Images to celebrate Christmas from the Map Department in the Bodleian. The first two come from a book, Baedeker’s Guide to Palestine and Syria, published in 1898. These are the earliest maps held in the Bodleian for Bethlehem
Bethlehem, from Baedeker’s Guide to Palestine and Syria, 20606 f.7
At the time the guide was published Bethlehem was predominately a Christian community. Numerous churches and monasteries existed in the town but the most important of all was the church first built in the 330’s over the cave of the nativity, now called the Church of the Nativity but on the plan called the Church of St Mary. The Church was, and still is, an important place of pilgrimage and the guide gives a number of pages to its description, with text and plans, including this one of the crypt, with ‘d’ representing the site of the nativity. The guide is full of fascinating plans and descriptions of the Holy sites; Christian, Muslim and Jewish, throughout the area, and the Library holds a large number of Baedeker’s of many countries and regions throughout the world.
The second set of images comes from a facsimile of a celebrated atlas of the Heavens, the Harmonia Macrocosmica, by Andreas Cellarius, first published in Amsterdam in 1660. Cellarius was a Dutch mathematician and cartographer, and as with similar atlases of the time Cellarius’s work is a mixture of the classical and the modern. Classical with the inclusion of maps of the zodiac and the layout of the planets according to Ptolemy, modern with the inclusion of maps showing the theories of the solar system by astronomers such as Nicolaus Copernicus and Tycho Brahe and planetary motion around the earth, the phases of the moon and the sun’s journey in the sky. This image is of the second of the Biblical star charts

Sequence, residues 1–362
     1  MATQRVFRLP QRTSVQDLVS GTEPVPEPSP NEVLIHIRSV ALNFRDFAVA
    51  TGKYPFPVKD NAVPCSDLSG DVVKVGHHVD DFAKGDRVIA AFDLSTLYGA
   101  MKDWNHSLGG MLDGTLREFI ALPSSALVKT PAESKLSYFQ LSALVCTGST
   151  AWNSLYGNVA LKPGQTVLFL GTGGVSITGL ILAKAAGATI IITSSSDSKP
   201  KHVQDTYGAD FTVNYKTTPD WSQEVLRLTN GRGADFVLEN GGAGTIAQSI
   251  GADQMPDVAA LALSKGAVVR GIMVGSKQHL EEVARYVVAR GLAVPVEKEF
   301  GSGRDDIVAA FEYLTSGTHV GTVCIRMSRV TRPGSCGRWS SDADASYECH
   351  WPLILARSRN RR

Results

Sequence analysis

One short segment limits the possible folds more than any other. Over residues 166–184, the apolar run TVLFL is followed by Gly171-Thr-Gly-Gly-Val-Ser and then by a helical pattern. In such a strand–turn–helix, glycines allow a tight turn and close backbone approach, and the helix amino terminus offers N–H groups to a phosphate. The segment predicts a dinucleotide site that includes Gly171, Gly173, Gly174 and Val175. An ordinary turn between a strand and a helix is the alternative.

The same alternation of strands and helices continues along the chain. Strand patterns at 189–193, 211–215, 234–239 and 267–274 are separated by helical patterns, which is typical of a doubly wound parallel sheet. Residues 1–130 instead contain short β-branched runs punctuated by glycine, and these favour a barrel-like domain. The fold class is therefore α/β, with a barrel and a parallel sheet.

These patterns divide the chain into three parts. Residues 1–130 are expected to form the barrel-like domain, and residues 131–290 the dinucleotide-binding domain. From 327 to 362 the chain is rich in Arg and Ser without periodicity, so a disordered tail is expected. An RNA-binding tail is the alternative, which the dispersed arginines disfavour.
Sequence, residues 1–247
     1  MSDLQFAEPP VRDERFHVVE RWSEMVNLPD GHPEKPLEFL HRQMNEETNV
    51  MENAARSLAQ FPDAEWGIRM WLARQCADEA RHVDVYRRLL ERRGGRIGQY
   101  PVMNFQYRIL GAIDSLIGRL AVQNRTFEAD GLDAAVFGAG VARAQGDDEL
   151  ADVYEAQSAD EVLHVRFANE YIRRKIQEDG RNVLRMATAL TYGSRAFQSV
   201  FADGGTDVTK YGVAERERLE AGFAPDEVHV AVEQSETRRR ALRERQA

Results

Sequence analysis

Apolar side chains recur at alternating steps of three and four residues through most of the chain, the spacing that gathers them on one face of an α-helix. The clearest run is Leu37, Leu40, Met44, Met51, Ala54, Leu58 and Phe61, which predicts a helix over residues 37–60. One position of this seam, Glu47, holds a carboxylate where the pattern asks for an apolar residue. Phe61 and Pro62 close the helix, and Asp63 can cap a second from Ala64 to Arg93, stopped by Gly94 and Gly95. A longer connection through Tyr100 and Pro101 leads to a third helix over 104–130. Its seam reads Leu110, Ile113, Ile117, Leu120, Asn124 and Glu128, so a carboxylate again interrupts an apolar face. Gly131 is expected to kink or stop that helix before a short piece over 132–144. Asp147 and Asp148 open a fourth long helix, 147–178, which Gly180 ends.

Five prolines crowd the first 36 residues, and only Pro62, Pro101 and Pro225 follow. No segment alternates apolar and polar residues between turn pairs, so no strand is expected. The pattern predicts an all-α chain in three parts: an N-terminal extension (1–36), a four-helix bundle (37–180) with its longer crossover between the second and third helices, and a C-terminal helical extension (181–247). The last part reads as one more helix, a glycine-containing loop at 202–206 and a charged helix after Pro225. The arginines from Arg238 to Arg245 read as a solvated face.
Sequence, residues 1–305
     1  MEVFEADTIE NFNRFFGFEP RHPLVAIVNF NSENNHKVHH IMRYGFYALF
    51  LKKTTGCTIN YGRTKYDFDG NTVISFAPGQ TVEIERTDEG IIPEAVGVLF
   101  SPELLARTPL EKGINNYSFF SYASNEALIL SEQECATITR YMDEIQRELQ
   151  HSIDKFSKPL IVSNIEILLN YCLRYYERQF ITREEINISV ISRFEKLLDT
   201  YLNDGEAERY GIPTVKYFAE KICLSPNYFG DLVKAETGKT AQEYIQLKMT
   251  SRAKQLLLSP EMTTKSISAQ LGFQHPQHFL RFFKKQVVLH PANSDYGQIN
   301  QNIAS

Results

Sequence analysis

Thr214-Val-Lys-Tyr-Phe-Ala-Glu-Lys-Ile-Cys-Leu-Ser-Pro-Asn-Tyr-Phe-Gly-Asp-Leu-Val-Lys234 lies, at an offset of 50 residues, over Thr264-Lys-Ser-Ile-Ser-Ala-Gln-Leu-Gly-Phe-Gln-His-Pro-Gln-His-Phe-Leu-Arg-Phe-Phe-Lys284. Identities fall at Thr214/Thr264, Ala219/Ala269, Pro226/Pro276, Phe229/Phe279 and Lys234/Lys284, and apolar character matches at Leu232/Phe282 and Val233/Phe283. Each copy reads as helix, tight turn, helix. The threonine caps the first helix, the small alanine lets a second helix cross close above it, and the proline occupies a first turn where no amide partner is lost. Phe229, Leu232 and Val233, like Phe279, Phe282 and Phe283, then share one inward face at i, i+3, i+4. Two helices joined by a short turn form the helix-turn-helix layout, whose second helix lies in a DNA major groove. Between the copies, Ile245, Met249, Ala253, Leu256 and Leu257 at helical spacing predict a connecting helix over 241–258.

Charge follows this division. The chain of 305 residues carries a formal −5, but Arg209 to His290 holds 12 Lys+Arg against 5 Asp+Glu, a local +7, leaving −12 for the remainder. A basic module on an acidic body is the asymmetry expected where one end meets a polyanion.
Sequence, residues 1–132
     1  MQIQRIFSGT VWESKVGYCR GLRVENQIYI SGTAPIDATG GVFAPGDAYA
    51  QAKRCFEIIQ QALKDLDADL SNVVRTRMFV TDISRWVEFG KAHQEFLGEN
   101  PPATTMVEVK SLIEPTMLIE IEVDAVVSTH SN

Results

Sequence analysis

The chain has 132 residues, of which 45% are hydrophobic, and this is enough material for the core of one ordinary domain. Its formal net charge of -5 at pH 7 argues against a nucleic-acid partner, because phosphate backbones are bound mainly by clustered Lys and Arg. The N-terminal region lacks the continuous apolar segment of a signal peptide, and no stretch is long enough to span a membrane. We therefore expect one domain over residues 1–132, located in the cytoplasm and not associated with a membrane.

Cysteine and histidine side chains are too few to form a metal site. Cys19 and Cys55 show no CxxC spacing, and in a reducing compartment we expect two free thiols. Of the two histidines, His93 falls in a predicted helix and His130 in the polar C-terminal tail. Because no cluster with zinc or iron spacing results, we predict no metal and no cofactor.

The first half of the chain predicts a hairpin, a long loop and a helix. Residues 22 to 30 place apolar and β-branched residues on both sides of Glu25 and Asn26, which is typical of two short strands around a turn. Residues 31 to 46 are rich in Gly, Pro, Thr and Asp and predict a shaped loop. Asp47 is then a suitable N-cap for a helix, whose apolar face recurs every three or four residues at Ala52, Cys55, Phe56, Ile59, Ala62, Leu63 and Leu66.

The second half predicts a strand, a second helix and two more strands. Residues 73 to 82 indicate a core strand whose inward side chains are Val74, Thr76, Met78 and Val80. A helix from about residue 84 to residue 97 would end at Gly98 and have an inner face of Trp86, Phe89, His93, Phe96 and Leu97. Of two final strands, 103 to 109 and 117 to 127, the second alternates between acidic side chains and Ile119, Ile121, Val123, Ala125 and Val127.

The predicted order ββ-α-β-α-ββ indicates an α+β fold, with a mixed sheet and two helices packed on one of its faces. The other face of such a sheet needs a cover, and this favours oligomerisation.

with the Holy Manger in the top left, representing the constellation Lyra. The first of the Biblical star charts has the Three Kings, which here represent the constellation Hercules
These images are from a facsimile of Andreas Cellarius’s Atlas Coelestis seu Harmonia Macrocosmica held on the open shelves in the map section of the Rare Books Reading Room in the Weston Library. G1 A1.2
Finally a puzzle. This map is one of a set of 12 covering an island which at first glance doesn’t seem to exist. The names do not appear on any gazetteer or atlas index. Created by the Canadian Military for planning purposes during the Second World War the maps have for a long
time been held in the Imaginary lands section of the map collection, a collection which includes maps of fictional places such as Middle Earth, Sodor, Ambridge and Emmerdale. It was only recently when going through this group of maps for an exhibition that staff looked at these 12 maps more closely and became convinced that the topography was real, but the names given weren’t. The defences, in purple, were too accurate, with notes saying ‘Third gun reported, but position unknown’, and then the note to the top, ‘This map is unreliable. It has been produced by enlargement from One inch to One miles maps…’. Of course this could have all been part of the deception, but there was enough there to make staff wonder. We’ve worked out where it is, can you? Email email@example.com with an answer, no prizes, just the satisfaction of being right. Happy Christmas.